Don't get me wrong. I still play the game with my children. I do it because they have fun with it, but more and more I am ready to chunk the whole Santa Claus get up as well as that Elf on the Shelf thing. Not because it isn't fun playing with such things but because of the implicit message being sent to kids.
I know I risk being labeled a fuddy-duddy or theological purist because of this post, but please think about what we are conveying to kids through these things, and then think about what Jesus proclaims to us--and the real meaning of Christmas.
You better watch out
You better not cry
You better not pout
I'm telling you why.
Santa Claus is coming to town.
He's making a list.
He's checking it twice.
Gonna find out who's naughty and nice.
Santa Claus is coming to town.
He sees you when you're sleeping. He knows when you're awake.
He knows when you've been bad or good, so be good, for goodness sake!
So goes the Christmas song. And what is this song teaching?
Be good or else you won't be getting any presents. It's reinforced by those of us who are well intentioned parents who say, "If you aren't good, Santa's going to be bringing you a lump of coal."
That Elf on the Shelf reinforces this thought process.
Sure, it's fun to put that little guy all over the house in different and varying poses. I personally enjoy my kids getting out of bed and searching around the house until they find the guy doing whatever he is doing on a particular morning. It's all in good fun--for the most part.
But again, the implicit message of the elf, "He's watching you all day, and at night, he reports to Santa about the things you've been doing today." If you aren't being good, the elf will tell Santa, and you won't get any good gifts.
The modern Santa and Elf on the Shelf are perfect examples of works/righteousness, theology of glory thinking. If I am good... If I am doing the right things... If I follow the law just perfectly.... then I will get goodies in the end. Whether we like it or not, this is the message we are sending to our kids which is a far cry from the reality of Christmas.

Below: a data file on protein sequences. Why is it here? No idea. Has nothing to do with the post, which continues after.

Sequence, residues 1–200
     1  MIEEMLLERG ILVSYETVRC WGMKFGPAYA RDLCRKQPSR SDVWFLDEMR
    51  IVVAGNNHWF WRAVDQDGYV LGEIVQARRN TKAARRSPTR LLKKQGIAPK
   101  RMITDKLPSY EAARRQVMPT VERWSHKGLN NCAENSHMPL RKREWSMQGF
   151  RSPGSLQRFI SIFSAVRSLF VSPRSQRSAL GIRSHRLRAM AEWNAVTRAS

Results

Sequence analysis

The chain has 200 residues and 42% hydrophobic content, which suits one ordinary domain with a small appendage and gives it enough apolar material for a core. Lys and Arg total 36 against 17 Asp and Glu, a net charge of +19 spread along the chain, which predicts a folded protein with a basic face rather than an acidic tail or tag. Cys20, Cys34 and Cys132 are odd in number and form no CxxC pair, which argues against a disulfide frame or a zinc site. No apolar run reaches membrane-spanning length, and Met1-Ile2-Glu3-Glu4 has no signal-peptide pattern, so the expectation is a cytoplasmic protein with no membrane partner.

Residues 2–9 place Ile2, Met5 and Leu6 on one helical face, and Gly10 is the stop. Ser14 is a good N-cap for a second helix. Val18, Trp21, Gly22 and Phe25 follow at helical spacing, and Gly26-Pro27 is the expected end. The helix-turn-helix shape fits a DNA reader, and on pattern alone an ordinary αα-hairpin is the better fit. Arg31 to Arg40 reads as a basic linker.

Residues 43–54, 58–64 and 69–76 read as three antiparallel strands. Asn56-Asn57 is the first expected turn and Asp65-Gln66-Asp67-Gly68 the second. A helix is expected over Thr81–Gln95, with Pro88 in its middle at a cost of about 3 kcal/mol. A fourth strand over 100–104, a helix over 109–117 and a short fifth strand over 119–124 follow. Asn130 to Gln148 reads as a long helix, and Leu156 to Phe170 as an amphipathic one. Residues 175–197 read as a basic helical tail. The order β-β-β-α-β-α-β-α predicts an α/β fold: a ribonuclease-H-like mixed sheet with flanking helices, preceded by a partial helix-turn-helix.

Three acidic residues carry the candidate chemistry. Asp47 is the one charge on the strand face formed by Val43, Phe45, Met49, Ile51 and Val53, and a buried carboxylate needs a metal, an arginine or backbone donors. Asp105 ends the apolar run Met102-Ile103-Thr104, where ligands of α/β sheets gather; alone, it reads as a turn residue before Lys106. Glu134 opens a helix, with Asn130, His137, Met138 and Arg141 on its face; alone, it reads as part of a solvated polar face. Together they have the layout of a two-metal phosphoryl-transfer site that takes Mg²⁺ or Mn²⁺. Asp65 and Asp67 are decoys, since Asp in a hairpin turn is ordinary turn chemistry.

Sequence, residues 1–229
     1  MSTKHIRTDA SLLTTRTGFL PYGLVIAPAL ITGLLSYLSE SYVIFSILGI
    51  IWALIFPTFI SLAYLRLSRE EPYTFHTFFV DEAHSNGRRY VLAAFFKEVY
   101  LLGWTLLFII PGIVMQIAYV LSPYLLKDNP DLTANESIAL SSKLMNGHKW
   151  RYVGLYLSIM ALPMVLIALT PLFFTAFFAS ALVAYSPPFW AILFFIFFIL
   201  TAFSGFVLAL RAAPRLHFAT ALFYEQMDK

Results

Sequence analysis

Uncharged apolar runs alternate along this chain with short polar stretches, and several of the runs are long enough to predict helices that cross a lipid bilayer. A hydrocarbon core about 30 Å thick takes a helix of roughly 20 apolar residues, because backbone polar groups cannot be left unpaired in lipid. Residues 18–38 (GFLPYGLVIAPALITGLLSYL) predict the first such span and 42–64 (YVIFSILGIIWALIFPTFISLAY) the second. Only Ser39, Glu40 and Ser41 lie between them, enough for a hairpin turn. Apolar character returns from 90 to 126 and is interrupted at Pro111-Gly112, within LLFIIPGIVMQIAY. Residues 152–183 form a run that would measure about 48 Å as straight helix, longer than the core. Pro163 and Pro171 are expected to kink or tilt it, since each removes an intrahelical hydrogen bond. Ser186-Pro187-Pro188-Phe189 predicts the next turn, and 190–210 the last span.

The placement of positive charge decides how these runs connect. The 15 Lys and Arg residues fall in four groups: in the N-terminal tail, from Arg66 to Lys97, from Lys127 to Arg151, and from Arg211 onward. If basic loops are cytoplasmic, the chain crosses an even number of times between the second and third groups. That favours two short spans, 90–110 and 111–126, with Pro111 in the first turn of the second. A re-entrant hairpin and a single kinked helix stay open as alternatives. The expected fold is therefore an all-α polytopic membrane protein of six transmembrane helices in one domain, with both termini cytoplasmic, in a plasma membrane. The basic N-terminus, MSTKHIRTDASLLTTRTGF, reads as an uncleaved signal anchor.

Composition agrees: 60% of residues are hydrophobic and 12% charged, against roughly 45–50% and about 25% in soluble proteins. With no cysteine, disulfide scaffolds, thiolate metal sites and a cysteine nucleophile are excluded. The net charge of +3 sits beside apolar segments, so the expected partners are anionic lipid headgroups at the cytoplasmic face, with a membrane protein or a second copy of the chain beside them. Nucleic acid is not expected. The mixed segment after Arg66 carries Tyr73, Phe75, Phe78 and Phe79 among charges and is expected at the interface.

Christmas is about grace--unmerited, undeserved grace. Period.
Christmas is about God's plan of reconciling the world unto Himself by taking on flesh and dwelling among us.
Christmas is about the babe in the manger who would one day hang on the cross taking our sin, our shame, our suffering, our frailty, our death with Him and putting such things to death that we might live.
Christmas is about remembering the One who does such a thing all the while praying for His enemies, blessing those who persecuted Him, and saying, "Father, forgive them for they know not what they do."
Christmas is about the One who died for us even though we weren't being good and gave us the gift of eternal life despite our refusal to live our lives for God and for our neighbor.
You cannot draw a deeper contrast between the incarnation of Santa Claus in the U.S. along with his partner Mr. Elf on the Shelf and the Lord of lords and King of kings who became Emanuel--God with us.
I will play this little game for a few more years because my kids enjoy it, but I'll be doing just a little extra work to let them know what grace really is as well. For in the long run it makes quite a difference as illustrated by the following two sentences differentiated by one simple mark:
So be good, for goodness sake.
So be good for goodness' sake.
One of these is works/righteousness.
One of these is responding to grace.
One is Christian. One is not.
Want to keep Christ in Christmas?
Teach and live grace.